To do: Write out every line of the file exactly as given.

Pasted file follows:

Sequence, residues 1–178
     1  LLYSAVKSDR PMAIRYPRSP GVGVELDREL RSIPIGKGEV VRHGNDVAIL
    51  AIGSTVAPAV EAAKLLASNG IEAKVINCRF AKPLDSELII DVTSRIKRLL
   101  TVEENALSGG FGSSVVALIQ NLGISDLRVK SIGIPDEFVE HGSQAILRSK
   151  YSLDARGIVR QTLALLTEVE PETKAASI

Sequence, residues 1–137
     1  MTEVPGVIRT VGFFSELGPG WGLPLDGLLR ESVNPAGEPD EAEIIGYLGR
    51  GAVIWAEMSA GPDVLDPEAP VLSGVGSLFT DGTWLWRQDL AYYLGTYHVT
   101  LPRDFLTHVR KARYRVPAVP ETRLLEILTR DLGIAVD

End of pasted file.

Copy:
Sequence, residues 1–178
     1  LLYSAVKSDR PMAIRYPRSP GVGVELDREL RSIPIGKGEV VRHGNDVAIL
    51  AIGSTVAPAV EAAKLLASNG IEAKVINCRF AKPLDSELII DVTSRIKRLL
   101  TVEENALSGG FGSSVVALIQ NLGISDLRVK SIGIPDEFVE HGSQAILRSK
   151  YSLDARGIVR QTLALLTEVE PETKAASI

Sequence, residues 1–137
     1  MTEVPGVIRT VGFFSELGPG WGLPLDGLLR ESVNPAGEPD EAEIIGYLGR
    51  GAVIWAEMSA GPDVLDPEAP VLSGVGSLFT DGTWLWRQDL AYYLGTYHVT
   101  LPRDFLTHVR KARYRVPAVP ETRLLEILTR DLGIAVD